In many places, life is governed by stressful, pell-mell routines. Rush-hour traffic, get it done yesterday, I need that on my desk by five - now move, move, move! No wonder there always seems to be an underlying need to escape. That's why many of us ride. Out there, somewhere down the road, maybe, just maybe, we'll find that special place where time streams more slowly from hidden springs.
Fields of corn, rye, barley, and wheat rise from the Kentucky soil. Throughout summer the crops mature and showers fall, trickling down to the water table. Along its way back to the surface, flowing through subterranean limestone formations, the stream is purified and stripped of bitter-tasting iron. To a master distiller in these parts, around the small city of Bards-town, this water, the grains, and time comprise the major ingredients that create many a tippler's drink of choice: bourbon whiskey.
Through an Act of Congress in 1964, Kentucky Bourbon was established as America's Official Native Spirit. With the exception of Scotch perhaps, there's probably no other distillate as inextricably linked to a particular locale. In no specific order, when one thinks of Kentucky, the mind turns up images of thoroughbreds, rippling bluegrass, and those amber libations poured from bottles bearing the names of Jim Beam, Evan Williams, Elijah Craig, and other patient Kentucky gentlemen.
Day 1: Narrow Lanes
A beautiful September morning greets Florian Neuhauser, RoadRUNNER's Customer Service Manager, and me as we fire up our bikes (he's riding a Triumph Tiger and I, a Honda 599). We head out of Bardstown, generally meandering down a laid-back, warm-up route east. The tempo increases in pleasant curves once we turn south on Route 55, where the narrow two-lane begins to offer just enough challenge to keep us on our toes. In and out of trees, we sweep across low, rolling land planted with corn and tobacco. The early fall weather is just right for riding, and the farming scene soon changes to roads lined with tidy post-and-rail fences retaining beautiful, robust horses that lazily graze on the mineral-rich grass.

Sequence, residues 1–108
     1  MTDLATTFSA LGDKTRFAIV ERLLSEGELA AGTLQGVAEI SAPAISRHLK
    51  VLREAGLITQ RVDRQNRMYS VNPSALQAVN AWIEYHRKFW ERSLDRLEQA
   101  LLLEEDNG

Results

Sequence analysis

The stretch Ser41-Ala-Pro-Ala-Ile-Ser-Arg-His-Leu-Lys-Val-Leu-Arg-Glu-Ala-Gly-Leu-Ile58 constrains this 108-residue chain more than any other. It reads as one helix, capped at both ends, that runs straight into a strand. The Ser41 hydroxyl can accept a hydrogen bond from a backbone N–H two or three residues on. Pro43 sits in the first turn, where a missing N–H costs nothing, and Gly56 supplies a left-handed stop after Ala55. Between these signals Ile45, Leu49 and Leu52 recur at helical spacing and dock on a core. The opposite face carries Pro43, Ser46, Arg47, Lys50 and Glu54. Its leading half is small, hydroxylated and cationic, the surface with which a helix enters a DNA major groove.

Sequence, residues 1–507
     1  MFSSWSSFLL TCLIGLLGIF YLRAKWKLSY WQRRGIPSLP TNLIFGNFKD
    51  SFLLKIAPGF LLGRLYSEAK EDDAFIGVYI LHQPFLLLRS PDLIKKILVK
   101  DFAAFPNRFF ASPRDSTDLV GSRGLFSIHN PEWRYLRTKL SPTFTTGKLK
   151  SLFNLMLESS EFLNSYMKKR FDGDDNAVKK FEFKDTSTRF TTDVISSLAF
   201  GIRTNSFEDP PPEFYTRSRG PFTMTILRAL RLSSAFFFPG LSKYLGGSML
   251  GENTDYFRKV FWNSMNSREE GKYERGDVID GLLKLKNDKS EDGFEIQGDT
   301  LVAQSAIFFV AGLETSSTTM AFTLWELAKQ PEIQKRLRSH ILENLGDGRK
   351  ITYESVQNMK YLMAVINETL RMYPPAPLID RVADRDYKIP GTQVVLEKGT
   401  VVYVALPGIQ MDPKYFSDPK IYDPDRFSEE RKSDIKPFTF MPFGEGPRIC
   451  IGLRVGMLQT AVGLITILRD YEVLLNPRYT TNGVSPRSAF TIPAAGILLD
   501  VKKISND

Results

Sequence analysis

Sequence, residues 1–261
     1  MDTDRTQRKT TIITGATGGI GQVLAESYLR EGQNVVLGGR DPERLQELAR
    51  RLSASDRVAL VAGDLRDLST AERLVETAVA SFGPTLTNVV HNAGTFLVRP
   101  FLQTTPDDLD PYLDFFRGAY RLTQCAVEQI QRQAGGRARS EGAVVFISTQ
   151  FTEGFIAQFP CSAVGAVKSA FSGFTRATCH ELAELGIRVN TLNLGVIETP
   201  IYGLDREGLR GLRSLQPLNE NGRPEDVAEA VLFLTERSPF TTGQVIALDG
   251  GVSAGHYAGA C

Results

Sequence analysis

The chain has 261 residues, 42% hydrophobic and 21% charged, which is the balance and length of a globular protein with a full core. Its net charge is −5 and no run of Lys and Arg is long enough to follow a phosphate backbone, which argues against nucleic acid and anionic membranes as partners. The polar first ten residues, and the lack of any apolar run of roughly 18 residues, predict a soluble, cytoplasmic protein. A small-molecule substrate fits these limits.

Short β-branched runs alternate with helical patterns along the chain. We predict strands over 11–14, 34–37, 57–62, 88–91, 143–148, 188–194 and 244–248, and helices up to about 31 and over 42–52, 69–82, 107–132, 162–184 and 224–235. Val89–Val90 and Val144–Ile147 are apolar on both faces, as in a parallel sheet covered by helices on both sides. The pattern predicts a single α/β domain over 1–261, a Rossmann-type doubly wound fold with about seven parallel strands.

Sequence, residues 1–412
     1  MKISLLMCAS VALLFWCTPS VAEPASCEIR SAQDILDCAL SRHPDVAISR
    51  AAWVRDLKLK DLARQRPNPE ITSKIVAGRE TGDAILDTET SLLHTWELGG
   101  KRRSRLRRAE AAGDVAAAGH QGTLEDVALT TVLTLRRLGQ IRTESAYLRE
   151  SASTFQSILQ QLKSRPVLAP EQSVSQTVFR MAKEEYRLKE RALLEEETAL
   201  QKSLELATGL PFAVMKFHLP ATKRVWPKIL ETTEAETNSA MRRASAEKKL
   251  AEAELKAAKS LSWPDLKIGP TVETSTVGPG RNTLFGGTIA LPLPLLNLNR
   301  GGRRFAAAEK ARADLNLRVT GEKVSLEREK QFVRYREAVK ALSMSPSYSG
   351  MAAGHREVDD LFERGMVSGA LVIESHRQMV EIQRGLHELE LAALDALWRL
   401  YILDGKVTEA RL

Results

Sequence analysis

Out of nowhere, zipping over the Route 68 bridge spanning the slow-moving Kentucky River, we're tossed into a tight mixture of curves before we have a chance to enjoy a view of the steep limestone cliffs above the placid water. The pavement catapults us from the river valley and has the Tiger and the 599 swinging to and fro like a country fiddler's bow. Florian and I are all grins when we take a break at the top of the hill.
Finding Route 169 out of Nicholasville, we quickly plummet into another section near the Kentucky River, where a small paddlewheel ferryboat is chugging our way to give us a lift to the other side. Keeping the traffic moving here since 1785, the Valley View Ferry is the oldest continuously operated business in the state, and the ride across is free thanks to federal and state grants.
Down the road, we stop at Woody's Restaurant and Bar in Richmond, the home of Eastern Kentucky University, and after, turn west for an afternoon filled with relaxing scenery, empty roads, and fun curves on the return to Bardstown.
Once back in our lodgings at the Best Western General Nelson, we head straight for the pool. And while we're taking our ease in the fading rays, our good friend and colleague Paul Cook arrives from Florida, having just driven some 900 miles to join us for the next two days of riding.